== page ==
[EDIT 1] most people, when they refer to "blocking cryptostorm" are referring to website admins blocking cs's exit ips. This is not my question. I'm talking about the admin who controls the network where I physically am--they are blocking me from connecting to cs. And if anyone can tell me the proper terms to differentiate this exit-ip-address-blocking-by-the-website-admin from entry-ip-address-blocking-by-the-isp-admin, I'd appreciate it.
What techniques does cs employ to empower their clients to use their vpn on networks that specifically target cs's servers in their blacklists?
I've been doing a lot of traveling through the US lately, and I've been surprised by the number of techniques that libraries have used to prevent users of their public access wifi from using openvpn. I've encountered malicious/censoring network middleware from companies such as Check Point Software Technologies LTD, Mcafee, Iboss, and Fortinet. Their techniques for censorship are varied and often surprisingly sophisticated.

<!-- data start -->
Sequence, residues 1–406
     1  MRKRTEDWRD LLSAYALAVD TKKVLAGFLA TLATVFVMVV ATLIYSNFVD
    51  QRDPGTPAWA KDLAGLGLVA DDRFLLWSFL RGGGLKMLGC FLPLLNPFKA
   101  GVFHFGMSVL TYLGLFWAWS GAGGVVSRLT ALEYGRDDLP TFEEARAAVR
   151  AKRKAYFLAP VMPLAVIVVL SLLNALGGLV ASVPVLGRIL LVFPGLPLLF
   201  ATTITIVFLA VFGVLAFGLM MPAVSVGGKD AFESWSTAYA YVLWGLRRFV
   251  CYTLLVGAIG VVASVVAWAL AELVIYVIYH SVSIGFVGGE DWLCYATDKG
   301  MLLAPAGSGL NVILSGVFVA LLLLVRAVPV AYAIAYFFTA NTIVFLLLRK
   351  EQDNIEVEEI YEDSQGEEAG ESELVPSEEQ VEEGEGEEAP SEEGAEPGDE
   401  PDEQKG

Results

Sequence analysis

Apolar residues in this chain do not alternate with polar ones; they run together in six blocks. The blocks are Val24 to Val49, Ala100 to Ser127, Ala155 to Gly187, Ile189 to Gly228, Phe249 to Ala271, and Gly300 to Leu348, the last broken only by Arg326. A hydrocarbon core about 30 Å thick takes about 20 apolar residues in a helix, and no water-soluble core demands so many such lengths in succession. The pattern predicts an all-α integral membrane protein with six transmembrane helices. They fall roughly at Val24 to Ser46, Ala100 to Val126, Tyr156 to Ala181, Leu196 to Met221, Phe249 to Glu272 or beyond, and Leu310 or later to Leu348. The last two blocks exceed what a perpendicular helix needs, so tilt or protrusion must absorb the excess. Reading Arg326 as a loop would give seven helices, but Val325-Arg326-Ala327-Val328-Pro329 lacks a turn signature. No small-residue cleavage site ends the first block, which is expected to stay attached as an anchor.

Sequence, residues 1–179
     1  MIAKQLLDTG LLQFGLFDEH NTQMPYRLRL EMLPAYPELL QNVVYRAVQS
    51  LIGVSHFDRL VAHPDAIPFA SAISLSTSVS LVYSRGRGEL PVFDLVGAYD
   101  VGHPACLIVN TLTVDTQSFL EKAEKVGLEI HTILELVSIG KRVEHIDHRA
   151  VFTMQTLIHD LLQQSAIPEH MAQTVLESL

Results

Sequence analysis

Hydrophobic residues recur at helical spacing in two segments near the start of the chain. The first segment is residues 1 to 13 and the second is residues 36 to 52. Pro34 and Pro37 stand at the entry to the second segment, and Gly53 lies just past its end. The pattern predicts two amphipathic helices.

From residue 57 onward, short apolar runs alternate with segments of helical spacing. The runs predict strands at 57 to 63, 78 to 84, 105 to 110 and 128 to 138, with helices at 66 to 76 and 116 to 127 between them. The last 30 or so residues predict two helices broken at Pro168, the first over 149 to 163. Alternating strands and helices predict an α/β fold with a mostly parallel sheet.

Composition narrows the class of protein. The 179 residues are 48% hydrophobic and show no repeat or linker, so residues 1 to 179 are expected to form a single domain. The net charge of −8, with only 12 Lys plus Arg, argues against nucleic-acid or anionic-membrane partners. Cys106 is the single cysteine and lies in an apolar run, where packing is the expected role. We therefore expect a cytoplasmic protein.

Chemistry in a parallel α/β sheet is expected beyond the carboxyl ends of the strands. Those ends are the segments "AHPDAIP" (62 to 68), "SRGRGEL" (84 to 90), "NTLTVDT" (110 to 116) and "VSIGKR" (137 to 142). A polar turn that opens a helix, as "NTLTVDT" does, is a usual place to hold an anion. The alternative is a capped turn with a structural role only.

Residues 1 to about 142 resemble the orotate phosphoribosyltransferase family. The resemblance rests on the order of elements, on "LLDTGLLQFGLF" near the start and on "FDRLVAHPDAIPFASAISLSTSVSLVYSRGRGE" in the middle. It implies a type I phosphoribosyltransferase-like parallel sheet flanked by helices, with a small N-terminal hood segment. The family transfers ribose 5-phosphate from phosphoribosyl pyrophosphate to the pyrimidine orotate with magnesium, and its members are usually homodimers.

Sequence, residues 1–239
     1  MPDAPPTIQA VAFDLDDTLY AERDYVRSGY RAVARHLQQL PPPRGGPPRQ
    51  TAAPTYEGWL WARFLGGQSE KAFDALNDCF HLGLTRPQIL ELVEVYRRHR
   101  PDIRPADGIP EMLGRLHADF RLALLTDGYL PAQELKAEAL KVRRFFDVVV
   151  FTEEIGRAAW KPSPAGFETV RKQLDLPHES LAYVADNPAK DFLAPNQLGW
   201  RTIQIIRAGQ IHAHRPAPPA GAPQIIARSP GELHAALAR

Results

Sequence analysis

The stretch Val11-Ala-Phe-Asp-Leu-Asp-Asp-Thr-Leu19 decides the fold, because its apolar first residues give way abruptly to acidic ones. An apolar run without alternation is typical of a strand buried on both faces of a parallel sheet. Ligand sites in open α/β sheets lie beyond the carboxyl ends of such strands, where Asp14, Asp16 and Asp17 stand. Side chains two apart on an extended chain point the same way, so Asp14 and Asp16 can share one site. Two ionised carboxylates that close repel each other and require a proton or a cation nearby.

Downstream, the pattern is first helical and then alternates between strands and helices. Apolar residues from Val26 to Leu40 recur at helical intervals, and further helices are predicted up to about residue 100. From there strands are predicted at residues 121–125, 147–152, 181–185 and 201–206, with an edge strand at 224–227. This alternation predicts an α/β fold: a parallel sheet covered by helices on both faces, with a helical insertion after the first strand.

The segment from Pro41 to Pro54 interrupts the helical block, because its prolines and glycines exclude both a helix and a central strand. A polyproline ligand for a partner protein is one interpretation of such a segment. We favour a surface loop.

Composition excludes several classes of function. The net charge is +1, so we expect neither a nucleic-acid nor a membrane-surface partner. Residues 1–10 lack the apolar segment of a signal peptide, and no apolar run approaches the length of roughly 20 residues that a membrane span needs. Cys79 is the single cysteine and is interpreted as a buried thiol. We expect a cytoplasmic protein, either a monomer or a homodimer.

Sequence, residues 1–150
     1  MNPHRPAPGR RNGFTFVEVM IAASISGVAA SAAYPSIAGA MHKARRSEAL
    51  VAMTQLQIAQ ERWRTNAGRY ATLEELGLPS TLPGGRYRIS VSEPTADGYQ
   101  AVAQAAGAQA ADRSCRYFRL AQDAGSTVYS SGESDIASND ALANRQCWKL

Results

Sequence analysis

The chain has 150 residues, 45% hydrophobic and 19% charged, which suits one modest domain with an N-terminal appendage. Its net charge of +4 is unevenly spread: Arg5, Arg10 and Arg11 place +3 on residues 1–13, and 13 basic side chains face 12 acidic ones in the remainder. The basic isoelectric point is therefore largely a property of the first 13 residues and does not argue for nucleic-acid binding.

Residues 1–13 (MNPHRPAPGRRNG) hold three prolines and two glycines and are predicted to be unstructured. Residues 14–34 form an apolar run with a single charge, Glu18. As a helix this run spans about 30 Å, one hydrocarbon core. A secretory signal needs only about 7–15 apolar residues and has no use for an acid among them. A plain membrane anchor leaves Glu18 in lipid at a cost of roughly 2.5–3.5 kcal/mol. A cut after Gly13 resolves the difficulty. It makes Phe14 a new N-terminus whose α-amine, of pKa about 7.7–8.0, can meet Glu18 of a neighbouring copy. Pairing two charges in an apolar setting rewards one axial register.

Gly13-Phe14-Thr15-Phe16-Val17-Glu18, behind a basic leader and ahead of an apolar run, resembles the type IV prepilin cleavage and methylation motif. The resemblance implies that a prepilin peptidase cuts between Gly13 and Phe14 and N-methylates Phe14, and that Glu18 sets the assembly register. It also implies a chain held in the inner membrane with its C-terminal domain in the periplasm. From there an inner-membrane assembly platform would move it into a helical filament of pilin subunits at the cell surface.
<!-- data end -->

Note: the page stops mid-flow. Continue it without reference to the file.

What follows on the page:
But let's assume a simple approach: A network (for worst-case, let's say it's an authoritative State I cannot escape) has a firewall that maintains a blacklist of cryptostorm's servers. Any traffic destined for these servers's ip addresses is simply dropped before it reaches the Internet.
I'm assuming that this firewall's blacklist would be updated at some frequency. Does cryptostorm have entry ip addresses that are rotated frequently? Or do you have entry ip addresses that are published only through some side-channel, so that your clients can evade such a blacklist?
Or are there any other techniques that cs employs to empower their users to bypass attempted blocking of cs's servers?
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